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Publication numberUS1026070 A
Publication typeGrant
Publication dateMay 14, 1912
Filing dateDec 11, 1911
Priority dateDec 11, 1911
Publication numberUS 1026070 A, US 1026070A, US-A-1026070, US1026070 A, US1026070A
InventorsFrederick K Boomhower, William A Eberman
Original AssigneeFrederick K Boomhower, William A Eberman
Export CitationBiBTeX, EndNote, RefMan
External Links: USPTO, USPTO Assignment, Espacenet
Register.
US 1026070 A
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Description  (OCR text may contain errors)

F. K. BOOMHOWERML W. A. BBERMAN.

REGISTER.

APPLIOATIOH FILED 1120.11, 1911.

Patented May 14, 1912.

UNITED sTATEs PATENT oEEroE.

FREDERICK K. BOOMHOWER AND WILLIAM A. EBERMAN, OF CHICAGO, ILLINOIS.

REGISTER.

Specification of Letters Patent.

Patented May 14., 1912.

To all 'whom t may concern.'

Be it known that we, FREDERICK K. BooninowER and W'ILLIAM A. EBERMAN, citizens of the United States, residing at Chicavo, in the county of Cook and State of Illinois, have invented a certain new and useful Imprr'ivement in Registers, of which the following is a specification.

Our invention relates to apparatus for registering the travel of elevators, and one of the objects of the invention is to provide simple and efficient means for accurately registering the movement of the car in one direction only.

Another object of the invention is to provide mechanism of such construction that it may be attached directly to the head shaft of the elevator and carried thereby without other support or assistance.

IVe obtain our objects by the mechanism illustrated in the accompanying drawings, in whichv Figure l is an elevation of the complete device partially in axial section. Fig. 2 is a sectional elevation taken on the line 2-2,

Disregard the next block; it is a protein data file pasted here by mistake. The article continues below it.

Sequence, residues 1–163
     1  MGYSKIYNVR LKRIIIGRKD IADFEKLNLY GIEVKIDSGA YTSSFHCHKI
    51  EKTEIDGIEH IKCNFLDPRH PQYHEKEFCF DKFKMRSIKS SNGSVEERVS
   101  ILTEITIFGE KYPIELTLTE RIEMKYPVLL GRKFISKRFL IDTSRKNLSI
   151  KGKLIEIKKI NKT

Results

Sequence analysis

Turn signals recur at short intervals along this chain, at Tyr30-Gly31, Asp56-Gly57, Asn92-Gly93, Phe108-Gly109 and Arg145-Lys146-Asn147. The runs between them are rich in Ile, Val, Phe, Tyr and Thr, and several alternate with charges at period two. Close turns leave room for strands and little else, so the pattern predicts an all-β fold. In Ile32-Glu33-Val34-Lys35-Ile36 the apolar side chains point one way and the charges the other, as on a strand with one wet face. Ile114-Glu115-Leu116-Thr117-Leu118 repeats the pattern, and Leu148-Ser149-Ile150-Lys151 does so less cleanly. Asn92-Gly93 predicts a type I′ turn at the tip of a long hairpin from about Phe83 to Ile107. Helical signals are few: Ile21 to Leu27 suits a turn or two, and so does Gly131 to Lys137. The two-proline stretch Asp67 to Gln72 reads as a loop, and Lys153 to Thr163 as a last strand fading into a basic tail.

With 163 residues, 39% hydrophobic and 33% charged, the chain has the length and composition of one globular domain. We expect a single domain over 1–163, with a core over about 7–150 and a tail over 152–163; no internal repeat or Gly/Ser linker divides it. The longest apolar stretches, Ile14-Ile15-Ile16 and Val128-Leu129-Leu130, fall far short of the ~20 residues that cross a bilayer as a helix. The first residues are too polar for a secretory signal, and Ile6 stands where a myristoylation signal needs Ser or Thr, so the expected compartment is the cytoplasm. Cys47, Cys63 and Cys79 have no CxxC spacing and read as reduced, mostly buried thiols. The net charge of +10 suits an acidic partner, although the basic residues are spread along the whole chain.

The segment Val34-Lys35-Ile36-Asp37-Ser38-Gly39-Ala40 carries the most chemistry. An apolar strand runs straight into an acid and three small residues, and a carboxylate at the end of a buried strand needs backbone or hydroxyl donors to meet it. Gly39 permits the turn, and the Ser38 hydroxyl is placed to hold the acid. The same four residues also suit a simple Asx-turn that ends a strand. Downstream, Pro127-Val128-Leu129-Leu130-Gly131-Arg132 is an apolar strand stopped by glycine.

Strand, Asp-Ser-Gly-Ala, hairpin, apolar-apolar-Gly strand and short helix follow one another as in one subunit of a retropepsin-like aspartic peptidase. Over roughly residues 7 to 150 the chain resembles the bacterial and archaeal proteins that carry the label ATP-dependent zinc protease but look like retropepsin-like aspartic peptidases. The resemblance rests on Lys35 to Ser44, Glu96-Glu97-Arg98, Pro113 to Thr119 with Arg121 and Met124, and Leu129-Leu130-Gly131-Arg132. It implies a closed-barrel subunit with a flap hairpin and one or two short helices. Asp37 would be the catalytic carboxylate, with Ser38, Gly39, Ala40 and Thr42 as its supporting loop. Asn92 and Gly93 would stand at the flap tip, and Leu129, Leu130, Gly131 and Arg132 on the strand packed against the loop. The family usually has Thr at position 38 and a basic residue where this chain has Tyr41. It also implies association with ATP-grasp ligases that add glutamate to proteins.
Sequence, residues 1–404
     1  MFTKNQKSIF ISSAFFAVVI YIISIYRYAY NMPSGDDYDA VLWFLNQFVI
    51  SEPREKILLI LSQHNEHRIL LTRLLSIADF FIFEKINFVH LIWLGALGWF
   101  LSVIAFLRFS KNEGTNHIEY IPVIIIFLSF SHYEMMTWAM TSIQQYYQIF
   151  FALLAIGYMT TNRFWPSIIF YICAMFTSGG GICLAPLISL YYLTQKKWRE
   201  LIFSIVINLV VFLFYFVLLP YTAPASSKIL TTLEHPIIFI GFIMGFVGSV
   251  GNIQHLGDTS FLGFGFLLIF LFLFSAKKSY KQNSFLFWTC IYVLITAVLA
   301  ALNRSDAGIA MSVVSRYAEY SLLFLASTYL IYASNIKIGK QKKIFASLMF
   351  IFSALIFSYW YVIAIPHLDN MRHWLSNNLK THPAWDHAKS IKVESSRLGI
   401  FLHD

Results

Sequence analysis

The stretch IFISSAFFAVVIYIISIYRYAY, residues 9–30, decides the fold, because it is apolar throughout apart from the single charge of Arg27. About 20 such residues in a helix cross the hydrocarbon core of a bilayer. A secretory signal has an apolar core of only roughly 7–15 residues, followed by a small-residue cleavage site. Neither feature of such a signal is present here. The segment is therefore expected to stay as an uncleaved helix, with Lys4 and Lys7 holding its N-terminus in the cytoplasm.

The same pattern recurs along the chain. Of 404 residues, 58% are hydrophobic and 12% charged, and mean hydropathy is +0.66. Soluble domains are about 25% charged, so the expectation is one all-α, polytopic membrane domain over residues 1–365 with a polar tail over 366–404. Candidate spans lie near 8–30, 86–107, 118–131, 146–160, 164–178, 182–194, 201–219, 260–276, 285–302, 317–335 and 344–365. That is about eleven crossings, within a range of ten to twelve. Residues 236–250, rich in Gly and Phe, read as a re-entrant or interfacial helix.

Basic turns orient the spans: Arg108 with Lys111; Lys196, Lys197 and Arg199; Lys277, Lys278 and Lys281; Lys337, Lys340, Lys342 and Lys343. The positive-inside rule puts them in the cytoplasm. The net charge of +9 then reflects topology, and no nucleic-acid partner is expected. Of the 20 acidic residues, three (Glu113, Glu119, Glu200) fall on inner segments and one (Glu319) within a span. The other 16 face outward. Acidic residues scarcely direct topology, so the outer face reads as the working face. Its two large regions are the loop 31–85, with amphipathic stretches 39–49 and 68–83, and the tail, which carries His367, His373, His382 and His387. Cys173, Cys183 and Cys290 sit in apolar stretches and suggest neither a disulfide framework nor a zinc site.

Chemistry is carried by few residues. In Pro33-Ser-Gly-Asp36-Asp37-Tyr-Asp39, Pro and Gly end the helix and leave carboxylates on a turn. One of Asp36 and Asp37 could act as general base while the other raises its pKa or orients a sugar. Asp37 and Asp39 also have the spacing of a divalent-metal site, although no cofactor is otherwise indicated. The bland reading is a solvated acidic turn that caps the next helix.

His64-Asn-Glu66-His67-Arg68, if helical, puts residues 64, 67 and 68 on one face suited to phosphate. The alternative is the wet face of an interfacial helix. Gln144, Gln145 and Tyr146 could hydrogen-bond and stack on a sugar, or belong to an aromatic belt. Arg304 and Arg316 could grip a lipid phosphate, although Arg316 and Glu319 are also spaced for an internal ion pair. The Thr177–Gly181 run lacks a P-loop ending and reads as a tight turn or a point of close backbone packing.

Fig. l.

Similar numerals refer to similar the two views.

The shaft 1 represents the head shaft of an elevator or a shaft rotating backward and forward in correspondence therewith. We employ the term head shaft in the usual sense, meaning the shaft at the top of the elevator shaft or runway carrying the sheave over which the elevator cables run. This is the most advantageous location for our register. for this shaft can ordinarily be utilized by our mechanism without the assistance of any other brace or support, but the mechanism may be applied to any shaft or element rotating backward and forward in correspondence with the movement of the elevator car.

According to the preferred construction shown in the drawings, a stud or arbor 2 is parts in screwed into the end of shaft 1 and is thus rigidly secured thereto. Said stud is provided with a threaded portion 3 of reduced diameter, upon, which screws a disk 4. The construction is such tthat said disk rotates always in unison with shaft 1 and stud 2. Taper pockets 5 are formed in the periphery of disk 4, these pockets receiving balls or wedges 6 packed up by springs 7, thus form-l ing a ball or wedge clutch device in connection with the encircling fiange 8 of the disk no influence to positively drive it in the 0p- `posite direction.

A cylindrical cap 12 is axially chambered at one end to receive and bear loosely upon the projecting end of the cylindrical portion l0 of stud 2. Said cap is provided with a threaded portion 13 ontofwhich screws a disk 14. Disk 14 is, therefore, rigid with cap 12 and is concentric therewith and .with shaft l and stud 2. It is clear that as a result of this construction said shaft and stud may rotate without rotating said cap or the disk 14.

In the periphery of disk 14 pockets are formed to receive balls 16 backed up by springs (not shown), the construction being similar to that in disk 4 (see Fig. 2) except that the parts are so arranged that the non rotating disk 14 will prevent backward rotation of the central disk 9. The balls in disk 14 coperate with a flange 17 formed on the central disk and extending in the opposite direction from the flange 8 previously mentioned. In our construction the disks 4 and 14- are housed within the central disk and are thereby protected from damage from exterior objects and are to a great extent protected from dust and grit.